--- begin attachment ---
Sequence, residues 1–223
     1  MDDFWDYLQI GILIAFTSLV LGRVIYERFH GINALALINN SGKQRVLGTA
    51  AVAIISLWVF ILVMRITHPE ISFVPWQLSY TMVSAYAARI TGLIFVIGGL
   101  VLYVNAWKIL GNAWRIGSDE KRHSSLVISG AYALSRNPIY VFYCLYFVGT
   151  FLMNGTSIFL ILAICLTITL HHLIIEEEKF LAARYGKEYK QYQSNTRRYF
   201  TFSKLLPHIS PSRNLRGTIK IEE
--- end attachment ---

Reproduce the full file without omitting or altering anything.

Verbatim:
Sequence, residues 1–223
     1  MDDFWDYLQI GILIAFTSLV LGRVIYERFH GINALALINN SGKQRVLGTA
    51  AVAIISLWVF ILVMRITHPE ISFVPWQLSY TMVSAYAARI TGLIFVIGGL
   101  VLYVNAWKIL GNAWRIGSDE KRHSSLVISG AYALSRNPIY VFYCLYFVGT
   151  FLMNGTSIFL ILAICLTITL HHLIIEEEKF LAARYGKEYK QYQSNTRRYF
   201  TFSKLLPHIS PSRNLRGTIK IEE